React.js is one of the most widely used JavaScript libraries that every front-end developer should know. Understanding what props and state are and the differences between them is a big step towards learning React.

In this blog post, I will explain what props and state are, and I will also clarify some of the most asked questions about them:

  • What are props?
  • How do you pass data with props?
  • What is state?
  • How do you update a component’s state?
  • What happens when state changes?
  • Can I use state in every component?
  • What are the differences between props and state?
If you’re a complete beginner to React, I also have an article series about React for beginners.

What are props?

Props is short for properties and they are used to pass data between React components. React’s data flow between components is uni-directional (from parent to child only).

How do you pass data with props?

Here is an example of how data can be passed by using props:

class ParentComponent extends Component {    
    render() {    
        return (        
            <ChildComponent name="First Child" />    
        );  
    }
}

const ChildComponent = (props) => {    
    return <p>{props.name}</p>; 
};

Firstly, we need to define/get some data from the parent component and assign it to a child component’s “prop” attribute.

<ChildComponent name="First Child" />

“Name” is a defined prop here and contains text data. Then we can pass data with props like we’re giving an argument to a function:

const ChildComponent = (props) => {  
  // statements
};

And finally, we use dot notation to access the prop data and render it:

return <p>{props.name}</p>;

You can also watch my video to see how to use props:

What is state?

React has another special built-in object called state, which allows components to create and manage their own data. So unlike props, components cannot pass data with state, but they can create and manage it internally.

Here is an example showing how to use state:

class Test extends React.Component {    
    constructor() {    
        this.state = {      
            id: 1,      
            name: "test"    
        };  
    }    
    
    render() {    
        return (      
            <div>        
              <p>{this.state.id}</p>        
              <p>{this.state.name}</p>      
            </div>    
        );  
    }
}

How do you update a component’s state?

State should not be modified directly, but it can be modified with a special method called setState( ).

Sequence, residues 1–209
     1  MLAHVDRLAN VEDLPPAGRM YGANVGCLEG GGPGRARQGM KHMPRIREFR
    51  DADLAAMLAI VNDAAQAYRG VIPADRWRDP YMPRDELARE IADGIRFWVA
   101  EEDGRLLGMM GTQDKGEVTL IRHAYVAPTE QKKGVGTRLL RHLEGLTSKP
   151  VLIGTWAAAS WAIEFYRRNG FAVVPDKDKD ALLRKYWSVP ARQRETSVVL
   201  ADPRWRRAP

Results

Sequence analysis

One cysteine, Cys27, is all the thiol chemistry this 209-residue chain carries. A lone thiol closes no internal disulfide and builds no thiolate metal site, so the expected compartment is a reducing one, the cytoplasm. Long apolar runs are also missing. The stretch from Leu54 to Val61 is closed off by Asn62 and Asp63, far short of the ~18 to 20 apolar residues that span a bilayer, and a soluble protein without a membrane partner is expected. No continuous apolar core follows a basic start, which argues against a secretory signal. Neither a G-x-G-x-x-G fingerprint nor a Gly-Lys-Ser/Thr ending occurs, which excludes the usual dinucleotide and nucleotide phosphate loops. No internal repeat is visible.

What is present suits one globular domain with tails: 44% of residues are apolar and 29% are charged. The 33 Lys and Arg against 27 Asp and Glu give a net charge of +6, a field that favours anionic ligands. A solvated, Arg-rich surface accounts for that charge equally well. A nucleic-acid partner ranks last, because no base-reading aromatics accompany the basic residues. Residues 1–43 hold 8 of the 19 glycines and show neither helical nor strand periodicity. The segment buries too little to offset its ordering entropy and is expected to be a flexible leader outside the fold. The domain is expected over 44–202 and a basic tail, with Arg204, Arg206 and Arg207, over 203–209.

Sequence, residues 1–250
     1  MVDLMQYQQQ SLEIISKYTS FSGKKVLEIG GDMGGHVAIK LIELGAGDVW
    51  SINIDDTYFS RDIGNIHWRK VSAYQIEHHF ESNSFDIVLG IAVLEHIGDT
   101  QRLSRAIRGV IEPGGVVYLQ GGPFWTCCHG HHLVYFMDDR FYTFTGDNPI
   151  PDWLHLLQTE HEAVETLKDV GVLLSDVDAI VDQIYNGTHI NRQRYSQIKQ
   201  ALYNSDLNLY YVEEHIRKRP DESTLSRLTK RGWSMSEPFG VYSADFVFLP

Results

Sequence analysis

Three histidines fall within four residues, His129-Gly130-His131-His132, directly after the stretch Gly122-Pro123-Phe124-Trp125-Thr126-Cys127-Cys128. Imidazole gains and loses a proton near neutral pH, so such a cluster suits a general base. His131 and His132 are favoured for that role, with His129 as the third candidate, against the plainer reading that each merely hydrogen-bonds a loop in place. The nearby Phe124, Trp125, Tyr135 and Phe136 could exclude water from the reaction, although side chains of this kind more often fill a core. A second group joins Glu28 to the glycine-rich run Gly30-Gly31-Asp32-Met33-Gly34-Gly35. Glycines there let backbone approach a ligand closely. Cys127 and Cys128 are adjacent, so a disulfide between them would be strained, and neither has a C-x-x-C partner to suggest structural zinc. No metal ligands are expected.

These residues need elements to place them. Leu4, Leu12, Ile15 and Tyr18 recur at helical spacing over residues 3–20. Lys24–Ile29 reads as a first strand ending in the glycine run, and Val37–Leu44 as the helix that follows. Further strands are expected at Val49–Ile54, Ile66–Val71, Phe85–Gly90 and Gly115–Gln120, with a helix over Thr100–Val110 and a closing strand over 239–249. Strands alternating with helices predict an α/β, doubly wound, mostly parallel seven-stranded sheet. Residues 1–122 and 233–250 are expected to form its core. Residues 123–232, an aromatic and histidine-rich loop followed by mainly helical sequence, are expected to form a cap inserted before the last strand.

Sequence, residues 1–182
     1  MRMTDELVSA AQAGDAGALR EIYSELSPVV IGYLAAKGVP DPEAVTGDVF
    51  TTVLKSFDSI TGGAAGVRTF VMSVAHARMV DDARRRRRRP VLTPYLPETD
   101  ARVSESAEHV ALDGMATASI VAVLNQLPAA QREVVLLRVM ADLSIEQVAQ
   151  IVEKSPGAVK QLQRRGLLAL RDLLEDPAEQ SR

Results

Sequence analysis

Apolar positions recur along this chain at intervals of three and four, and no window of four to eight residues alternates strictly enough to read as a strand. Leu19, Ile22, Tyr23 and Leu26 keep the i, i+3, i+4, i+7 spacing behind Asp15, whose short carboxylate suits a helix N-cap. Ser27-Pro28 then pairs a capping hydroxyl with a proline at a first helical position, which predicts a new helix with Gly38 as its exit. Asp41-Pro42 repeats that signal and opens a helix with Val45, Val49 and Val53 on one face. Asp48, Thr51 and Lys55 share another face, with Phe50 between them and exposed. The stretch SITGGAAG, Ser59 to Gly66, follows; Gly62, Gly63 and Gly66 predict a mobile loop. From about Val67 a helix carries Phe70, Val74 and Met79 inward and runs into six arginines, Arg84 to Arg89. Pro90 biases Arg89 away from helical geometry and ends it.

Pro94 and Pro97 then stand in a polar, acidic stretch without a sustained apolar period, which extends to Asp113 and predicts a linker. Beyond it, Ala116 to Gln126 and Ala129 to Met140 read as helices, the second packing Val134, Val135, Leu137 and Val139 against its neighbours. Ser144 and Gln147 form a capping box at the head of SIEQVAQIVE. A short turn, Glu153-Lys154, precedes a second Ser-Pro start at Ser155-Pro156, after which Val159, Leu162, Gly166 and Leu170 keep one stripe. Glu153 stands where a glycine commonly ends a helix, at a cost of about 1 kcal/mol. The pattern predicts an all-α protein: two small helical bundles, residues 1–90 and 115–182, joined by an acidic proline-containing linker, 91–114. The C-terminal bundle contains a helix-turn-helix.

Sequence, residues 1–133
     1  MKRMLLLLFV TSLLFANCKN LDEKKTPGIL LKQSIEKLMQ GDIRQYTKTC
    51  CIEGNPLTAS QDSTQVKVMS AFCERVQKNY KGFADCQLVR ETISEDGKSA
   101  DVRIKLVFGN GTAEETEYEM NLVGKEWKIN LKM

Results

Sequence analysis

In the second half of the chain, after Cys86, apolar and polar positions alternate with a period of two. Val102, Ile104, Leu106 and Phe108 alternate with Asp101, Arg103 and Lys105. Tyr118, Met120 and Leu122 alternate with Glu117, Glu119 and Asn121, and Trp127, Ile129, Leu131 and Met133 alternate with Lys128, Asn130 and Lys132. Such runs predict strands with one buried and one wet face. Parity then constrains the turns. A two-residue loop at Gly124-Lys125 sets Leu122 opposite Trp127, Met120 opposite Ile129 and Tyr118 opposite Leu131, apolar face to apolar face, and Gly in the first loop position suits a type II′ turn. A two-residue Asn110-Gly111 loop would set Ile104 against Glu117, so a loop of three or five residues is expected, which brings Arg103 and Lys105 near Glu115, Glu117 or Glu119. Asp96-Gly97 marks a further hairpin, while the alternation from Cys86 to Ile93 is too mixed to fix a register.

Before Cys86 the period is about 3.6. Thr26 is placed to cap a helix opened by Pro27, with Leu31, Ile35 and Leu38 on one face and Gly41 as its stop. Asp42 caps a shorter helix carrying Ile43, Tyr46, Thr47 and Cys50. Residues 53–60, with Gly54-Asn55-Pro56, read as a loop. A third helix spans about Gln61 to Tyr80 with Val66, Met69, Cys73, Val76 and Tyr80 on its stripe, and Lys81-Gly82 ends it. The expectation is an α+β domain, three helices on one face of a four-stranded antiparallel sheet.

this.state.id = “2020”; // wrong

this.setState({         // correct  
    id: "2020"
});

What happens when state changes?

OK, why must we use setState( )? Why do we even need the state object itself? If you’re asking these questions, don't worry – you’ll understand state soon :) Let me answer.

A change in the state happens based on user-input, triggering an event, and so on. Also, React components (with state) are rendered based on the data in the state. State holds the initial information.

So when state changes, React gets informed and immediately re-renders the DOM – not the whole DOM, but only the component with the updated state. This is one of the reasons why React is fast.

And how does React get notified? You guessed it: with setState( ). The setState( ) method triggers the re-rendering process for the updated parts. React gets informed, knows which part(s) to change, and does it quickly without re-rendering the whole DOM.

In summary, there are 2 important points we need to pay attention to when using state:

  • State shouldn’t be modified directly – the setState( ) should be used
  • State affects the performance of your app, and therefore it shouldn’t be used unnecessarily

Can I use state in every component?

Another important question you might ask about state is where exactly we can use it. In the early days, state could only be used in class components, not in functional components.

That’s why functional components were also known as stateless components. However, after the introduction of React Hooks, state can now be used both in class and functional components.

If your project is not using React Hooks, then you can only use state in class components.

Note: See here for more about state.

What are the differences between props and state?

Finally, let’s recap and see the main differences between props and state:

  • Components receive data from outside with props, whereas they can create and manage their own data with state
  • Props are used to pass data, whereas state is for managing data
  • Data from props is read-only, and cannot be modified by a component that is receiving it from outside
  • State data can be modified by its own component, but is private (cannot be accessed from outside)
  • Props can only be passed from parent component to child (unidirectional flow)
  • Modifying state should happen with the setState ( ) method

React.js is one today's of the most widely used JavaScript libraries that every front-end developer should know.

I hope this article helps you understand props and state. There are also other important things to cover about React, and I will keep writing about them later in my following articles.

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Thank you for reading!